Are Everton the Worst run Club in the Country?

Jordan Edmonds

Are Everton the Worst run Club in the Country?

A founding member of the Football League that has competed in a record 120 top-flight seasons, with only Arsenal having more successive seasons in the top flight. A club steeped in history; it seems a shame that Everton could be on the verge of relegation from the top tier of English football.

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Lampard the Latest to Leave

The most recent development from the blue side of Merseyside was the departure of Frank Lampard as Everton manager after a year in charge of the Toffees. Whilst it is what some would label as an impossible job in the Toffees’ hot seat, most would agree that it was time for Lampard to go, with nothing working for the Chelsea legend.

Teams are judged on results, and they didn’t stack up well for Lampard. After just about surviving a catastrophic relegation last season with a win in the penultimate game, Lampard and his team failed to build on from that and improve – despite the big-money signings.

Although there is a lot to be said about the way the club is run as a whole, the results on the pitch and their position in the table meant that it was inevitable for Lampard to lose his job. Everton are 19th in the Premier League, level on points with rock-bottom Southampton, after just THREE wins and 15 points from the 20 games they’ve played so far this season. In fact, the measly 27%-win ratio that Lampard had at Everton will go down as the second-worst-ever manager-win ratio record in Everton’s history.

Whilst the results were damning, the actual performances themselves meant that it probably was time to call an end to Lampard’s football. The tactics – or lack of tactics – left the Toffees with no clear way of playing, with the systems in place flip-flopping each game. Although, with the troubles behind the scenes at Goodison Park, many will feel for Frank Lampard due to the circumstances the club finds itself in.

Moshiri Madness

Everton fans will be eager to point out that Farhad Moshiri and the Everton board are the ones who should be looking to leave. Moshiri has thrown over £700million at the club in order to make to it a Champions League contender since acquiring his 94% stake in 2016, but after years and years of awful decisions, the club are in crisis at the other end of the scale.

The Everton faithful also blames Bill Kenwright, who was a majority shareholder in 1999 and has been the chairman since 2004, who has been a constant in the downfall of the Toffees who are without a trophy since 1995.

The board will be searching for Everton’s seventh manager in six years following the dismissal of Lampard, as Moshiri and the directors once again show a lack of organisation when it comes to running the club. The Toffees have also overseen three Directors of Football in that time, with recruitment continuing to be questioned as Everton waste big money on talents that many would argue aren’t at the level needed for them to progress.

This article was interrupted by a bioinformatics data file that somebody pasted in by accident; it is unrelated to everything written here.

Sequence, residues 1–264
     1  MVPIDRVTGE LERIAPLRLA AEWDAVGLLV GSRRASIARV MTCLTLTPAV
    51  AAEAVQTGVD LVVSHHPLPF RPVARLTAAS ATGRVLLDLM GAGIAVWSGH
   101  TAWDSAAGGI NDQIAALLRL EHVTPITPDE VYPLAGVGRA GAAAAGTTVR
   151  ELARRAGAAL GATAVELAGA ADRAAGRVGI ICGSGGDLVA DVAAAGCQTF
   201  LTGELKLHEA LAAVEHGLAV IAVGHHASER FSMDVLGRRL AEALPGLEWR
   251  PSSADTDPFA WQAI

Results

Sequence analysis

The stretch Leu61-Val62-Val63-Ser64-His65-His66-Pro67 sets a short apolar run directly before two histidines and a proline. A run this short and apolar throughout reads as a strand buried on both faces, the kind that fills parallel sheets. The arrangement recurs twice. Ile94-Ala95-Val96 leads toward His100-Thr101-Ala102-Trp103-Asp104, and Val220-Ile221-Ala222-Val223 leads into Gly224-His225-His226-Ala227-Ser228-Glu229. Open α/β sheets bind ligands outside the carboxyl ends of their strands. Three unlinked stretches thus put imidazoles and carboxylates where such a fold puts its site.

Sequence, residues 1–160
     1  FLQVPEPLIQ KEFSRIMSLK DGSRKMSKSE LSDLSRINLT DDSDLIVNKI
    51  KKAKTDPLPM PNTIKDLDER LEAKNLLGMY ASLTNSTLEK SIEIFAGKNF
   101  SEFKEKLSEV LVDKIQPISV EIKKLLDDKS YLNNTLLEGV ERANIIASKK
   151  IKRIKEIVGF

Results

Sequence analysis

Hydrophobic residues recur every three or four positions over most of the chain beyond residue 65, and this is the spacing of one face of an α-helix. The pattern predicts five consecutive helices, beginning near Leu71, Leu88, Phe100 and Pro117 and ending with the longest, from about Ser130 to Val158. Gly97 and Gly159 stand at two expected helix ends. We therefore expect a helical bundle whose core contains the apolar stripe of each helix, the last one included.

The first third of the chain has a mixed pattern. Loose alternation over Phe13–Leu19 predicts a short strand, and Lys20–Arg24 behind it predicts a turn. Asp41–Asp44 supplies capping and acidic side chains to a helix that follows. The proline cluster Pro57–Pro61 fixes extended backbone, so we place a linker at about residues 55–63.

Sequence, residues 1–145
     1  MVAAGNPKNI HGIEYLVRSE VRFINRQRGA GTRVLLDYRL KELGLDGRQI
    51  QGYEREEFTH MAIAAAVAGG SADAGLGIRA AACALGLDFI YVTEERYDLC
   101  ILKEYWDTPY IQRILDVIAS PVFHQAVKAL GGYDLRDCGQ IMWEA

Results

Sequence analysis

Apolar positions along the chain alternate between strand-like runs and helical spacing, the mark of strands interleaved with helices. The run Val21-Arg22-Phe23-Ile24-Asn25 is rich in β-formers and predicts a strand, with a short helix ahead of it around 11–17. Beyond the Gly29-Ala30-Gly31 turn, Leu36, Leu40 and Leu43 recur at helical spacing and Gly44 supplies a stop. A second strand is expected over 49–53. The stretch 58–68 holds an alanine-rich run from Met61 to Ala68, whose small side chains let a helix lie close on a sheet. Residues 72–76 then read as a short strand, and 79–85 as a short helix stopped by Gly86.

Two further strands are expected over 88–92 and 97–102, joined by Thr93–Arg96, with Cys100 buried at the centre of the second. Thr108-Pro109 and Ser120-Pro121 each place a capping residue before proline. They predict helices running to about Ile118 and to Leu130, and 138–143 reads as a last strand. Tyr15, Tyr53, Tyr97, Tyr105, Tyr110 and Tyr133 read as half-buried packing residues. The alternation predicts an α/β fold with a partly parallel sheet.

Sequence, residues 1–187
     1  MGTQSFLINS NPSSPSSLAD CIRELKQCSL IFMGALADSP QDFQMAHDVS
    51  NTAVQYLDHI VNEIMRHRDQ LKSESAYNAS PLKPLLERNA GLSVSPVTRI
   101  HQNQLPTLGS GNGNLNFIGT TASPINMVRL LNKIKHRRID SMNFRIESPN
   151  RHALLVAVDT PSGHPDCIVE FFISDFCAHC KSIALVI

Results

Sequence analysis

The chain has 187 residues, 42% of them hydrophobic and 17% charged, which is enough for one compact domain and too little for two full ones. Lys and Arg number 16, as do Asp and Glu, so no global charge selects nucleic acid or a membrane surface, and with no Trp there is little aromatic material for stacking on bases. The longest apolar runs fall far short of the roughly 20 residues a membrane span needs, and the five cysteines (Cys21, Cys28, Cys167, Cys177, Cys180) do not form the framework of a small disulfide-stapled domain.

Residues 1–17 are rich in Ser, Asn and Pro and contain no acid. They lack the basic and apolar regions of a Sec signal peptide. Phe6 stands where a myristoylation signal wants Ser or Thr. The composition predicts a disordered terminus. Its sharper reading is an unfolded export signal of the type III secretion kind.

The likes of Dwight McNeil for around £20million and Neal Maupay, who was deemed surplus to requirements at Brighton and has scored just once all season, are just some of the names from this year’s list of incomings.

Everton's starting line-up for Lampard's final game included players signed by five different managers; for the loss at home to bottom club Southampton, it was six.

Board to Sell?

The club has descended into more chaos in recent weeks, with the fractions between the fans and the board becoming as big as they can get. In recent weeks Moshiri and other board members were not in attendance for the last home game against Southampton due safety concerns. Club sources have also claimed that chief executive Denise Barrett-Baxendale was ‘put in a headlock’ by a fan during one game.

There have been numerous protests, as well as a sit-in protest in the recent defeat against Arsenal, in which fans have voiced for change. There are conflicting reports of whether or not Moshiri is looking to offload the club or just look for new investors after forking out on a new stadium. It would be a fresh start for Everton if the club is to sell and the board were to change hands. Under the current structure – or lack of – it could become even more disastrous if things continue as they are.

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